The animistic approach to photography really does work. Engaging in a conversation with the subject opens up a dialogue and imbues a certain mystical quality to the images. No longer is the photographer the maker of the image, it’s not owned by us. At the very least the landscape or dandelion or fox or whatever we are pointing our camera at will cooperate in the way it wants to and gift a photo for the photographer to take rather than make. Of course back home, in the virtual darkroom we may then bring our own soul and spirit into play and make something of the raw image. But still, the piece is a collaborative event.

At best the Muse will speak in the artist’s ear and direct a full body of work that will drip honeycombs of connection. Such deep messages must be grasped with both hands otherwise the Muse will no doubt claw back the idea and offer it to another who may not be so tardy at running with the insights granted.

The animistic approach.

So, what could an animistic photography session look like? How does it differ from the usual approach of the professional or keen practitioner. I shy away from using the word ‘shamanic’ in this setting as I won’t be in a drum induced trance communicating with the other worlds during my shoot! Rather, I’ll be very much present and aware of my surroundings, giving credence to the sentience of all that is around me, and seeking a connection with it.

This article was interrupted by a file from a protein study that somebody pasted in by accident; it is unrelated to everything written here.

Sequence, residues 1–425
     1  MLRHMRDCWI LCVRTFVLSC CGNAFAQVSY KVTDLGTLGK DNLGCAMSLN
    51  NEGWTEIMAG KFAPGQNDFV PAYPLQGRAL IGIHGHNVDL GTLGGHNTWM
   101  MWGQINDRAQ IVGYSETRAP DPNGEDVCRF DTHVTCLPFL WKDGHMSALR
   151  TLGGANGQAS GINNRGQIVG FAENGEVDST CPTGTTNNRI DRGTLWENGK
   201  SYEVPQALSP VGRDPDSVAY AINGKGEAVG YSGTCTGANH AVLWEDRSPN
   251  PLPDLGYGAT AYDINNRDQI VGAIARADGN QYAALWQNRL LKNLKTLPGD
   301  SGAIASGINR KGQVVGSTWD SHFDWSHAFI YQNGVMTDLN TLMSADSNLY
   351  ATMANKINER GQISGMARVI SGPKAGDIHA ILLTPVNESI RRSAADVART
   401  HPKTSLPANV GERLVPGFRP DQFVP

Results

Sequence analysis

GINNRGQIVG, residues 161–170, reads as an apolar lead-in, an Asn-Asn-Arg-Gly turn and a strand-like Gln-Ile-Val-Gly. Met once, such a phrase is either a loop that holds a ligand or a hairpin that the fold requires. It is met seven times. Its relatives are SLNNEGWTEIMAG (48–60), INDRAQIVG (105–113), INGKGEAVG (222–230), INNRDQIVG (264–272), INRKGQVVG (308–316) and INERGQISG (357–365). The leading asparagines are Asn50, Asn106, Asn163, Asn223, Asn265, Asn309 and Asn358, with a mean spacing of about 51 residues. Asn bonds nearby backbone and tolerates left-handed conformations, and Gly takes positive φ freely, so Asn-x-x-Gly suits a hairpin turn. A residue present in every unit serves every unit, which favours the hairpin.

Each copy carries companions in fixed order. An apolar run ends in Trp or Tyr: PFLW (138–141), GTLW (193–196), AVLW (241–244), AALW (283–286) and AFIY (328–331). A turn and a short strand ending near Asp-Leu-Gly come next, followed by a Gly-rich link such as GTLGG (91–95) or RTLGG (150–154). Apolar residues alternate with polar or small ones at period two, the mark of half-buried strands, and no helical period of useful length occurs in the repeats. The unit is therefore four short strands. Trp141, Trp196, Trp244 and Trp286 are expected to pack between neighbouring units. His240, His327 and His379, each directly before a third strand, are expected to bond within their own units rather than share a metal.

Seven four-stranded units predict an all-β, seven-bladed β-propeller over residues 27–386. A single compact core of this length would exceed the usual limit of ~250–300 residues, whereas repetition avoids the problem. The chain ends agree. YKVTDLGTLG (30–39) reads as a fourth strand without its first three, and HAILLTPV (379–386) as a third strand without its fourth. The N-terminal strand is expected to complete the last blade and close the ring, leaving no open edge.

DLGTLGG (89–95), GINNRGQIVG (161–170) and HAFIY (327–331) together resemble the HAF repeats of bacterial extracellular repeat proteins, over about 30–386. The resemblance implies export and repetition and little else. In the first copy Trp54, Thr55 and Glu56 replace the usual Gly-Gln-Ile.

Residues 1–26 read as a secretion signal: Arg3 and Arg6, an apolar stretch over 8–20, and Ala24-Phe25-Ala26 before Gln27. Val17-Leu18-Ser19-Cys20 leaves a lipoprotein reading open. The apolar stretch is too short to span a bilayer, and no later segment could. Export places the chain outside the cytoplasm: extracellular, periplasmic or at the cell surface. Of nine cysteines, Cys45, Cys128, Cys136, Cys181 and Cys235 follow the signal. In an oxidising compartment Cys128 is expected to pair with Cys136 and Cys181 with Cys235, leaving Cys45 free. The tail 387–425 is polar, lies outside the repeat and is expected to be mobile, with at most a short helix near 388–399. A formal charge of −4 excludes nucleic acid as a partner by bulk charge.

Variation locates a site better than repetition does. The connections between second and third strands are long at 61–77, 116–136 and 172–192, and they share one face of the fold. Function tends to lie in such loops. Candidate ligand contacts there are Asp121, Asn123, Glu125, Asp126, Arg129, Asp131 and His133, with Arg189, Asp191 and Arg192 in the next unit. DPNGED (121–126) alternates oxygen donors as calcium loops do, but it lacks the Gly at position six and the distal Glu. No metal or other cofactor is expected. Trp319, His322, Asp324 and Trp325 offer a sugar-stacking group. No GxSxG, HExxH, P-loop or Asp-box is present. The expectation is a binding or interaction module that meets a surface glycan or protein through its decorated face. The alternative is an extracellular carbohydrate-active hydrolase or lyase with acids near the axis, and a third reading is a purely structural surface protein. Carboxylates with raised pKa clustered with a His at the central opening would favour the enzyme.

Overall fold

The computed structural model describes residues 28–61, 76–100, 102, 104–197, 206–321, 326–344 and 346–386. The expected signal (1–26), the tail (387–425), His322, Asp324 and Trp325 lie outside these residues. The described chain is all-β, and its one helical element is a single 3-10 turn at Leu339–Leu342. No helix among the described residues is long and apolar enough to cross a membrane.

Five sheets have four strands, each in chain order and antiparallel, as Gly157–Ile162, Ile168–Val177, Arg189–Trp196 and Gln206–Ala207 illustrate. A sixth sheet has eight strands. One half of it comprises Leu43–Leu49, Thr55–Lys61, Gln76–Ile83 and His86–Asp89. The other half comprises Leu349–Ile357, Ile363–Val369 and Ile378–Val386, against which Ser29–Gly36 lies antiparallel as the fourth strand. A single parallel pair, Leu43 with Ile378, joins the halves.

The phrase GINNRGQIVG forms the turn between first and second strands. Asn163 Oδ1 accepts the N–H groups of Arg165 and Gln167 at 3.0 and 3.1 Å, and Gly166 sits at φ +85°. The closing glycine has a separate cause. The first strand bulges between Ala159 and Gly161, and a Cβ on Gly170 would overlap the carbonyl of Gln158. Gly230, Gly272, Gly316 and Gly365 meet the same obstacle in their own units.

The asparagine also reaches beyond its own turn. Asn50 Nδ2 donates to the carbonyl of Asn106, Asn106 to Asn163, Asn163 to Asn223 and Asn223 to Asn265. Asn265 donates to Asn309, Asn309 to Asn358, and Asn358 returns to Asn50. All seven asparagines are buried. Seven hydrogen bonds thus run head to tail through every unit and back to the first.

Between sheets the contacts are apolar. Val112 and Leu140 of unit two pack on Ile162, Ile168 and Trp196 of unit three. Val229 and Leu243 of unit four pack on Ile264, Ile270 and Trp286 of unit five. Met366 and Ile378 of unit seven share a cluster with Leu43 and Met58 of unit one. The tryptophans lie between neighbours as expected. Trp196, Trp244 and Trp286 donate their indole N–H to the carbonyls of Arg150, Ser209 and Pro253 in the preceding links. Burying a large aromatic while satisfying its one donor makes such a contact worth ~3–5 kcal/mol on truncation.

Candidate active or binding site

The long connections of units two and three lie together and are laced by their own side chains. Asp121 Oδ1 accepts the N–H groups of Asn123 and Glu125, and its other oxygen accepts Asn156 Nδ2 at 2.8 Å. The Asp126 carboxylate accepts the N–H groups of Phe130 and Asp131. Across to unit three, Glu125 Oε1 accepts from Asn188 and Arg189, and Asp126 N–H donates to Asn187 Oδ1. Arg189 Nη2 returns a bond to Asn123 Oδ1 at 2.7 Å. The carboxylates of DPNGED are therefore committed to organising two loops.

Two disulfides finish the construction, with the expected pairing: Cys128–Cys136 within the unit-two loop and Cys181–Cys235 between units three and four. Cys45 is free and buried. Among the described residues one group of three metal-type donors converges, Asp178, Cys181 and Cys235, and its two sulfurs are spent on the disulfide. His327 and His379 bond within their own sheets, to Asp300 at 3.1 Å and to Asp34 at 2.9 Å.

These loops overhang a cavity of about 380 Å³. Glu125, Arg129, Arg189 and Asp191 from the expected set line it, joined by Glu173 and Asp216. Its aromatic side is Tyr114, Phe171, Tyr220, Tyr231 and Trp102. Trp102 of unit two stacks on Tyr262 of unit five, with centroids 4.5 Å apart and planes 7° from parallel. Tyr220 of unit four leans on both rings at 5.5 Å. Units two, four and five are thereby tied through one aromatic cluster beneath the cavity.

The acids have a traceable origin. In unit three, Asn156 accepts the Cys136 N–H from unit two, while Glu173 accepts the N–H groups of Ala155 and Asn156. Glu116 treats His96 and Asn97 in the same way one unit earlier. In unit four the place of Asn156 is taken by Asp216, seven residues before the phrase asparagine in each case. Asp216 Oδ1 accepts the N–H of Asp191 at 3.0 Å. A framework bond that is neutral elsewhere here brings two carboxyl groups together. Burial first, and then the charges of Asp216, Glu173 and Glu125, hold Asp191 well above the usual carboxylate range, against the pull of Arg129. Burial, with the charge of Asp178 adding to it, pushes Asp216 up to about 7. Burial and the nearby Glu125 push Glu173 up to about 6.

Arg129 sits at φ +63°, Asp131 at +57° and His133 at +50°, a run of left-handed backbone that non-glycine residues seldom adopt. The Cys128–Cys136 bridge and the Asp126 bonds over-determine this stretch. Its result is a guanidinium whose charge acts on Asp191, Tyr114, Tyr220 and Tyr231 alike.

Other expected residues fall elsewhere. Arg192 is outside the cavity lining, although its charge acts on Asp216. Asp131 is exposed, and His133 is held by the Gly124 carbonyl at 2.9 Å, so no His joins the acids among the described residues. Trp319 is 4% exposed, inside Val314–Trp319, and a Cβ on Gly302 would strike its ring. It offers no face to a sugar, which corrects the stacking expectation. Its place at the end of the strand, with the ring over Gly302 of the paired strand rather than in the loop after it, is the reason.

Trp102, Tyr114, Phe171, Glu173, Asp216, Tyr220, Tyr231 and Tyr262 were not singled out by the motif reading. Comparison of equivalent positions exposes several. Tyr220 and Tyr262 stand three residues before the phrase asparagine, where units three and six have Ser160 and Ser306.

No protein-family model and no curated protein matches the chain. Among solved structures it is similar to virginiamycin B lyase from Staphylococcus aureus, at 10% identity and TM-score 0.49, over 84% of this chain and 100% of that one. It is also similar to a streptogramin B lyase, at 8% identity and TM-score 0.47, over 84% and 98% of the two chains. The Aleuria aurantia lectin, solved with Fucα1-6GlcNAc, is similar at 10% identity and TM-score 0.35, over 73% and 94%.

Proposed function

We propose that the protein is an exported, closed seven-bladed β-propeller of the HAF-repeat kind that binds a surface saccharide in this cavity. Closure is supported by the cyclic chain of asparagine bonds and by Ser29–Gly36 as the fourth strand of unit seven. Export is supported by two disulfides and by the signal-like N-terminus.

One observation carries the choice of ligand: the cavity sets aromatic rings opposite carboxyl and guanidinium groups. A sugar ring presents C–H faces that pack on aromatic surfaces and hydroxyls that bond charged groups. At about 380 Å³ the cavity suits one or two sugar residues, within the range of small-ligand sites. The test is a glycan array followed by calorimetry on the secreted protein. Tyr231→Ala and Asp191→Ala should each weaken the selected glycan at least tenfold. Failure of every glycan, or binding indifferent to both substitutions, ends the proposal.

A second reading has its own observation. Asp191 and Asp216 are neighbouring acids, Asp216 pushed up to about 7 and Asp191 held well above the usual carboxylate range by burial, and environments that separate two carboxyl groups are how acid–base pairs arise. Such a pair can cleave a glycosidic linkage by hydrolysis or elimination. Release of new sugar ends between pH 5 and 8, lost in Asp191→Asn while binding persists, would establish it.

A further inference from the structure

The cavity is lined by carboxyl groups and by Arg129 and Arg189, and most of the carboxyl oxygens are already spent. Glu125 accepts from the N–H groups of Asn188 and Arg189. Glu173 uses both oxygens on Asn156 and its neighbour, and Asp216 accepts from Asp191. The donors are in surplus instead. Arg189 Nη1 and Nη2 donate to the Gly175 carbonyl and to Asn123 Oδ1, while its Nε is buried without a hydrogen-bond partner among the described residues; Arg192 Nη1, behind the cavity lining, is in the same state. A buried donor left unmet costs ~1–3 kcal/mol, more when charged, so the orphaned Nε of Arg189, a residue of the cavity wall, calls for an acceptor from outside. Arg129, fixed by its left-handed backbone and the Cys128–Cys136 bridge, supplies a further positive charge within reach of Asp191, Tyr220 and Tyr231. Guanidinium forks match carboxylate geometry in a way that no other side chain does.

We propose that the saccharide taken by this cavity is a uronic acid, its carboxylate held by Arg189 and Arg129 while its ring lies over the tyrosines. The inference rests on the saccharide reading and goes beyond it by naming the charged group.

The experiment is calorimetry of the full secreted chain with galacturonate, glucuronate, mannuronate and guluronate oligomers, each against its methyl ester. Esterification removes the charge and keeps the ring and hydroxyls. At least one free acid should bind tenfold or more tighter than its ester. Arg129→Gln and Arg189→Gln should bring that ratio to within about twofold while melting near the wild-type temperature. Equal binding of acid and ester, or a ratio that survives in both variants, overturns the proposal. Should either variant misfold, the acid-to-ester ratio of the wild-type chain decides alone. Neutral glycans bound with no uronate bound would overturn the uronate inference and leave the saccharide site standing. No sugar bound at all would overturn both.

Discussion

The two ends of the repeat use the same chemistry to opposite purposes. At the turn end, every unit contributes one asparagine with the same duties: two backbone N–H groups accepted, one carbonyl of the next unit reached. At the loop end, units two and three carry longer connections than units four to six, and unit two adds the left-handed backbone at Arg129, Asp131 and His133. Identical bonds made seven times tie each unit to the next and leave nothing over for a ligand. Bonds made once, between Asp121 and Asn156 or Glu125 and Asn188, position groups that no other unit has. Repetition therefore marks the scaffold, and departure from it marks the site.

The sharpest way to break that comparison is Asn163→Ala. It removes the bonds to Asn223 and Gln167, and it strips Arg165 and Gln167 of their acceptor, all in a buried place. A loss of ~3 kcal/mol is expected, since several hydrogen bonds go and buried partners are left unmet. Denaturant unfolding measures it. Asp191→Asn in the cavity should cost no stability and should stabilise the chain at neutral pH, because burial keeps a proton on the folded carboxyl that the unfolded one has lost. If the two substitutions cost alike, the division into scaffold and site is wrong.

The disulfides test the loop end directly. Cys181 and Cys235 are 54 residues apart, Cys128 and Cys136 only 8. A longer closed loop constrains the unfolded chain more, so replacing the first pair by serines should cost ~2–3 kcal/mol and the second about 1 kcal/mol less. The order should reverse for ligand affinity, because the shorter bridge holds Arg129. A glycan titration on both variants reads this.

In my days as an editorial photographer I’d be given a brief by an editor or art director and would be expected to return with a set of images that met that agenda. I had a clear vision of what I would be returning with after a shoot and would research, plan and fine tune my approach to ensure a compliant result. Often this could even mean creating photos that matched a sketch given to me by the commissioner of the piece. No wiggle room for either my creativity or the voice of my subject.

Now, in contrast, I rarely go out with more than a very loose idea of what I want to find and often I’ll use a set of homemade oracle cards to determine where to go in search of my visual stories. I leave so much to chance, to the vagaries of the weather, to the mood of the place in order to leave room for the magic to happen. Nailing it down removes the possibility of the voice of the place being heard above my own inner chatter.

This approach never lets me down. Admittedly I don’t always come home with telling images that wow viewers and invoke a sense of awe… nowhere near. However I do always get a story, sometimes just a personal one that will help guide my direction and give me assurance that I’m doing ok.

Standing near the Fairy Pools on the Isle of Skye, to continue my opening story, I was stunned by the unnerving beauty and savageness of the mountains. I had a vision of what I wanted to catch with my camera and set about trying to force the landscape to comply… and it steadfastly refused. It was January, I had been wet to my bones for a couple of days and I wanted to portray the harshness of the land.